Wicked Spoon at Cosmopolitan

Wicked Spoon

Wicked Spoon is a top-notch buffet, with a decent selection of great food. In fact, while its selection isn’t as vast as Bacchanal at Caesar’s, the food is as good, and it’s much less expensive at $38 for dinner. What’s not to love?

Well, Cosmopolitan is an independent casino, so your Mlife or Total Rewards card won’t let you skip the line. It’s an obscenely expensive (for Vegas) hotel that always seems to be filled with rowdy, impossibly-beautiful twenty-something partygoers. And, that’s about it, really; nothing else not to love. Wicked Spoon is a great meal.

They don’t open for dinner until 5pm. If you show up ten or fifteen minutes before that, you’ll be seated pretty quickly. Otherwise there could be a line.

shrimp cocktail
Shrimp cocktail in little glasses.

The cocktail shrimp here are peeled, and they’re unusually good: perfectly cooked, tender, and fresh (enough for Vegas; if you grew up at the beach like I did you can tell the difference, but you won’t care because you're in the middle of the desert eating shrimp). But they’re served in little shot glasses, two to a glass, along with some cocktail sauce at the bottom and a tiny lemon slice. This is nice presentation, but makes it difficult to pile up your plate with them. But you still can (trust me). Crab legs are available only cold and pre-halved, sadly, but are big and full of nice meat.

Caesar Salad
Caesar salad, with anchovies.

Normally you don’t make a salad at a buffet’s salad bar; it’s a waste of calories. Here, though, they have little Caesar salads, in perfect portions, and they include anchovies. This is more of a real Caesar salad than you can get at most restaurants around here! Usually the anchovies are just an ingredient in the dressing, but this is a bonus.

Wicked Spoon
Wicked Spoon
frog legs
Frog legs—they really do taste like chicken.

Wicked Spoon is big on serving small portions on individual plates, rather than putting food in big bins (though they do that, too). I’m not sure how much difference it makes, but it’s a classier presentation, shared by Bacchanal, that makes you feel like the food is more special.

The illusion wouldn’t hold up for long, though, if the food couldn’t back it up. The food here is great.

Great sausages.

Go to the carving station and the prime rib is decent and medium-rare as the Good Lord intended, but don’t stop there—the Italian sausage I had was bloody fantastic. I love sausage, and this was something special. On the other hand, the leg of lamb was overcooked and so tough it was difficult to cut or chew, definitely the low point of the whole buffet.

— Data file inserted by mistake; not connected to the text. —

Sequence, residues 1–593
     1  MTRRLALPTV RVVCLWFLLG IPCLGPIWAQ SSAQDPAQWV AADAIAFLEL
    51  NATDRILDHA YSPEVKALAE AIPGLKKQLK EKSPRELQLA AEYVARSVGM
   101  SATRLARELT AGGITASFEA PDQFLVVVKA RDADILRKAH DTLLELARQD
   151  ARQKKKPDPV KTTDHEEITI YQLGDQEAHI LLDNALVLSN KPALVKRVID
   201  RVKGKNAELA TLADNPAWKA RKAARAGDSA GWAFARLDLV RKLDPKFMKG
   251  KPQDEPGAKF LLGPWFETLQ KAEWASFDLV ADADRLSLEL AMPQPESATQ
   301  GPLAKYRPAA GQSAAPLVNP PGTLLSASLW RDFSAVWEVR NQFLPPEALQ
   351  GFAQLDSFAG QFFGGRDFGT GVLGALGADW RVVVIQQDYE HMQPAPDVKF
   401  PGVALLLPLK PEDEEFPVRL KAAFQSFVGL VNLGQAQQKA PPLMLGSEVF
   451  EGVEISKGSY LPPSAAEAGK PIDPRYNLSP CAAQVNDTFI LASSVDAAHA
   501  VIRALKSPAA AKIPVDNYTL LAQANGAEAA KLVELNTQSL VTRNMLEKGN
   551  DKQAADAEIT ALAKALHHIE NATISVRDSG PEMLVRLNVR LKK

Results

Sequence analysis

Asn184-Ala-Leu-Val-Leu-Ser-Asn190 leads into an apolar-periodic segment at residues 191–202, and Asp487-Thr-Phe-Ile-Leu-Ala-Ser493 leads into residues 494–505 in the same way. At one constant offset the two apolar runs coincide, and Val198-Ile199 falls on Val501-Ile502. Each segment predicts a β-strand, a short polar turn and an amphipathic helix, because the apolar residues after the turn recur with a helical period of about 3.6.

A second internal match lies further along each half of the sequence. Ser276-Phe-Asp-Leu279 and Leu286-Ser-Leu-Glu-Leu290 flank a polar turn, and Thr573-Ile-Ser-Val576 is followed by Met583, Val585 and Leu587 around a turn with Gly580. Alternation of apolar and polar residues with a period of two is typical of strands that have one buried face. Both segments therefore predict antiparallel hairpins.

The inevitable Asian section.
Bone Marrow
Bone marrow.

Buffets always have an Asian section, and it’s almost always unremarkable. This one is no exception, though the sushi is better than average for a buffet (not saying much) and there was some pork that was worth eating.

One thing about the buffet: it gets you to try food you might not otherwise try. Here we have a perfect example: the bone marrow with Kimchee glaze. Have you ever tried anything like that? I hadn’t, either, but what the hell, I gave it a shot, and it was really good.

I should also mention that the mashed potatoes and fingerling potatoes were both unusually good. The mashed potatoes are perhaps best described as “lumpy,” though they are lumpy enough that it’s clearly a culinary choice rather than carelessness. I’m not sure the lumpiness adds anything, but okay, they’re good enough that I’ll go with it.

The highlight here, though, is the cook-to-order seafood station.

Seafood station

Here, you have your choice of seafood (choose as many as you like; it’s the buffet): Shrimp, salmon, halibut, swordfish, clams, mussels, and more. Choose your sauce, and the chef throws it together and cooks it up right there, just for you.

Places that call themselves a “seafood buffet” are shamed by this barely-advertised, minor feature at Wicked Spoon.

Leg of Lamb
Leg of Lamb—not great.
Kurobuta Sausages
Kurobuta Sausages?

Off to the side were something called Kurobuta sausages. I had no idea what this was while at the buffet, but I ate it anyway and it was amazing. I googled later and discovered it’s basically the Kobe Beef of pork—but not nearly as difficult to come by in the USA. “Kurobuta” is the Japanese name for a particular kind of pig, the Berkshire pig, which is “prized for juiciness, flavour and tenderness.” They’re not kidding.


When the time comes for dessert—well, it’s not the greatest selection I’ve seen at a buffet. It’s actually not that interesting at all.


I’ll be honest: at the buffet, dessert just isn’t that important to me, and I don’t think it’s important to Wicked Spoon, either. And that doesn’t affect my recommendation: eat here. Definitely. This is the second-best buffet in town.